Discretionary snake oil

Ron Kaye's admirably muckraking website has taken another look at the evolution of zoning in Los Angeles (an issue that Brian Doherty and I commented on). Kaye's guide to what may be happening is Dick Platkin (who blogs here on planning issues). Like Kaye, Platkin is critical of the city's curious way with plans.

Perhaps the oddest aspect is the seemingly permanent disconnect between plans (generally good) and practice (often very bad indeed). It's been the city's practice, for example, to be willfully ignorant of the frameworks that should guide good development in Los Angeles.

According to Platkin, "The Department of City Planning never monitored the implementation of the (1996) General Plan Framework, and it stopped any monitoring of the Framework's underlying growth and infrastructure data over 10 years ago. In other words, the City of Los Angeles has been flying blind since the year 2000 because its General Plan has not been monitored. There is no way to know if the city's underlying growth and infrastructure data are accurate or if the city's policies and programs are effective. For that matter, we don't even know which implementation programs were rolled out, and if any of them functioned as intended."

And now a superstructure of discretionary planning guidelines - a new framework on top of the old, unmanaged one - has quietly been adopted. The arguments made for these new guidelines - efficiency, transparency, and relief from excessive bureaucracy - sound as good as the arguments made in the mid-1990s for adoption of the original planning framework . . . the one that has been left to drift.

So, concludes Platkin, "Considering that the (city's) General Plan's existing design principles and guidelines have been shelved since they were formally adopted by the City Council 14 years ago, it is certainly likely that non-binding design guidelines only approved by the City Planning Commission, not the City Council, and which will become appendices instead of adopted policies, will have little impact. Does this, therefore, mean that such potentially innocuous documents lay below the threshold of being either good or bad?"

And that's the underlying dispute in the "war of the press releases" - are the new guidelines more of the same stuff, with little real impact, or are they something else?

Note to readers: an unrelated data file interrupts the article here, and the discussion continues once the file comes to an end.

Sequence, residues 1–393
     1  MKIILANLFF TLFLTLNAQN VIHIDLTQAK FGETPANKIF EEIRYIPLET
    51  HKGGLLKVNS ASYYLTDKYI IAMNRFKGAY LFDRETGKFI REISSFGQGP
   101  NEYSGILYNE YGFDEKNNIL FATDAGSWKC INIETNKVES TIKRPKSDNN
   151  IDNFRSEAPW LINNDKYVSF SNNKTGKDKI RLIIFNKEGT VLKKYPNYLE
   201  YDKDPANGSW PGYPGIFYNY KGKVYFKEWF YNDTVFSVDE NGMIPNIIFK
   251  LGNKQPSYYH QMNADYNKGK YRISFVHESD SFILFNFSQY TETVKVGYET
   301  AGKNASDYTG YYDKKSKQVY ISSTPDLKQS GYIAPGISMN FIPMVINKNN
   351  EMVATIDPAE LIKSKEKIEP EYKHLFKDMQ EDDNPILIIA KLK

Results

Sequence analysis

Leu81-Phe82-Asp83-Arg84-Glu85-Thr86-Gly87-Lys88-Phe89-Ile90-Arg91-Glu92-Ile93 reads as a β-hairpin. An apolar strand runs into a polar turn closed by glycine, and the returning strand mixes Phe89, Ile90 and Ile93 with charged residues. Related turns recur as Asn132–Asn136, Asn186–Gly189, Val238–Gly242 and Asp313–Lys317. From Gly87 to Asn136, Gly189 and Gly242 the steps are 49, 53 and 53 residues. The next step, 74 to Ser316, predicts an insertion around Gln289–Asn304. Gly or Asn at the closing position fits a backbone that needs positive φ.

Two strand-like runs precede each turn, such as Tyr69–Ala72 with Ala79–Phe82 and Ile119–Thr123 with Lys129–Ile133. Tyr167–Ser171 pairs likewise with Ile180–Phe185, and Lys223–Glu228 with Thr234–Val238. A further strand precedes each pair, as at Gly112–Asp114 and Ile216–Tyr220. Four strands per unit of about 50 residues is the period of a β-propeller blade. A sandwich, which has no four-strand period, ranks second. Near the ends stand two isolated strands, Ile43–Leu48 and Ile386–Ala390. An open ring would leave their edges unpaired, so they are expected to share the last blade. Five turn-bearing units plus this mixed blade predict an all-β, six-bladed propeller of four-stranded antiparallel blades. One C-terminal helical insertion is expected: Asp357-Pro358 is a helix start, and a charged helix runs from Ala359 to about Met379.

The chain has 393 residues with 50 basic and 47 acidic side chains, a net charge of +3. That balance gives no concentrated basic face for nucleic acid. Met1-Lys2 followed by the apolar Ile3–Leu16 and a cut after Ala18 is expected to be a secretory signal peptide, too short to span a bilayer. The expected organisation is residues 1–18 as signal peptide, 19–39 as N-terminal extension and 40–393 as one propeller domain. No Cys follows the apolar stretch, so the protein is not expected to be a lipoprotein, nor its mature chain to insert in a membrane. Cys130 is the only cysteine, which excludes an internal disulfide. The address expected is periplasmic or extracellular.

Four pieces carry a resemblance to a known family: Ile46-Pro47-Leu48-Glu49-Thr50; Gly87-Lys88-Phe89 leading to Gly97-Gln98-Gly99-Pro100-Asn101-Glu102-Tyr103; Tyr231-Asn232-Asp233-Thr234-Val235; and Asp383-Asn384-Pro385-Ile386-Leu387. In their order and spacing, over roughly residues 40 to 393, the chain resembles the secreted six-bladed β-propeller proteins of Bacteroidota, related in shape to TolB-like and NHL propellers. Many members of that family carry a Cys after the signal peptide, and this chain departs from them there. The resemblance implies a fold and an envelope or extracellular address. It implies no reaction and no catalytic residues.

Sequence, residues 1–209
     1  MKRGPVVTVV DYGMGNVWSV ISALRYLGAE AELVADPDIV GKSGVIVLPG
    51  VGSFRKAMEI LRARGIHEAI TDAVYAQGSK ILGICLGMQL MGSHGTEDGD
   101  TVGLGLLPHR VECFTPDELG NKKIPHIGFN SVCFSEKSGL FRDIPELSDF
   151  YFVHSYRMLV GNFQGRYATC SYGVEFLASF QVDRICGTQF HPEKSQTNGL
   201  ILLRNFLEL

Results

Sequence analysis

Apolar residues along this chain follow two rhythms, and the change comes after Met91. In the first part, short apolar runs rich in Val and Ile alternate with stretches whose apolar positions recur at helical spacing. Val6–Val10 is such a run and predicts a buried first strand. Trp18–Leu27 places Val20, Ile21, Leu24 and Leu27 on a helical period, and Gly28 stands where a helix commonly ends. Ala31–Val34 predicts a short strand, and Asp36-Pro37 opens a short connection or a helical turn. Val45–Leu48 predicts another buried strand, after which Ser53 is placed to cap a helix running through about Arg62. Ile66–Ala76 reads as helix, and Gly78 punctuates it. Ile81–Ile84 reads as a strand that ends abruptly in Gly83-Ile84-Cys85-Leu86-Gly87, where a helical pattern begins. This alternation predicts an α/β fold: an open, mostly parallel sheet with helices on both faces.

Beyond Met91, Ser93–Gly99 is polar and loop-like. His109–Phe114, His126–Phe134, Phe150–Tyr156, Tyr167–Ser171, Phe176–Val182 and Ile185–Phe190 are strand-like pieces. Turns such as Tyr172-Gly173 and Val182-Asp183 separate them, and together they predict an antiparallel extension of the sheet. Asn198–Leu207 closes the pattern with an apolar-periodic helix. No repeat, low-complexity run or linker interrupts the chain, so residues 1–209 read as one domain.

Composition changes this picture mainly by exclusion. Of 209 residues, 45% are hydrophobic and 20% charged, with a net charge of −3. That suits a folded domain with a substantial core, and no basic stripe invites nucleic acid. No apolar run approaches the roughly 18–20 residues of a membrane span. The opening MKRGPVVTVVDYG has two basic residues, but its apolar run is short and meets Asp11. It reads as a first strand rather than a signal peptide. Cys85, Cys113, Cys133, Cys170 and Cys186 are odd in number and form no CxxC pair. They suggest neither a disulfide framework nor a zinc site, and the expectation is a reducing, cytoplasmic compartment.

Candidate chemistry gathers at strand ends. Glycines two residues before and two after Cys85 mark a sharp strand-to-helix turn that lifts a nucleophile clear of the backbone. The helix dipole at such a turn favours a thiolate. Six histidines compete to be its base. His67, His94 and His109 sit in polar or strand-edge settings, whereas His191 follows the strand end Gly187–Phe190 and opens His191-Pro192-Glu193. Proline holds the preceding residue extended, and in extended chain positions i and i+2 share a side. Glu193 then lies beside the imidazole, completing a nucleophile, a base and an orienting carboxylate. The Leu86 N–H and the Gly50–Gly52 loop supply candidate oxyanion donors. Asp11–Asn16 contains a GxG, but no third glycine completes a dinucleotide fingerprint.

Platkin sees two alternatives: "On the good side there always is the possibility that the current public outreach campaign . . . will be a catalyst for City Planning and/or City Hall decision makers to utilize the new design guidelines for future discretionary actions. If this happens and the design guidelines are actually used, they could improve the appearance of some projects. This would be a positive outcome.

"But, the guidelines might also add a design patina to real estate projects which could not otherwise be built according to the Los Angeles Municipal Code (LAMC). This means that projects requiring zone changes, plan amendments, variances, or other special approvals to side-step the LAMC's zoning restrictions could be made more palatable through design enhancements. Based on current practices, it is also likely that contentious projects will make amends (with) critics by changing their external appearance and citing the guidelines - while holding fast to the zone changes or related discretionary actions they are requesting.

"This means that, in effect, the design guidelines would function quite differently than those now attached to Specific Plans or Historical Preservation Overlay Districts. In those cases the overlay ordinances ensure that projects are not only built below existing zoning limitations, but that the same projects are also given an additional review regarding their design. In effect, under Specific Plans, a good (i.e., undersized) project becomes better, while, in contrast, a bad (over-sized) project approved through a discretionary action becomes more acceptable through a design "make-over" intended win over some of the project's critics.

"If this happens, then the extensive efforts by the City of Los Angeles to reduce barriers to real estate speculation now underway will have been augmented through the use of non-binding urban design guidelines for a wide range of discretionary actions."

With nowhere else to go in built-out Los Angeles, the only place to make a speculative buck in real estate is in someone's neighborhood - maybe yours. And it has been the practice of city government to get out of the way of the speculators when the latest formulation of development snake oil is ready for sale.

The image on this page was taken by flickr user James Halliday. It is used under a Creative Commons License.

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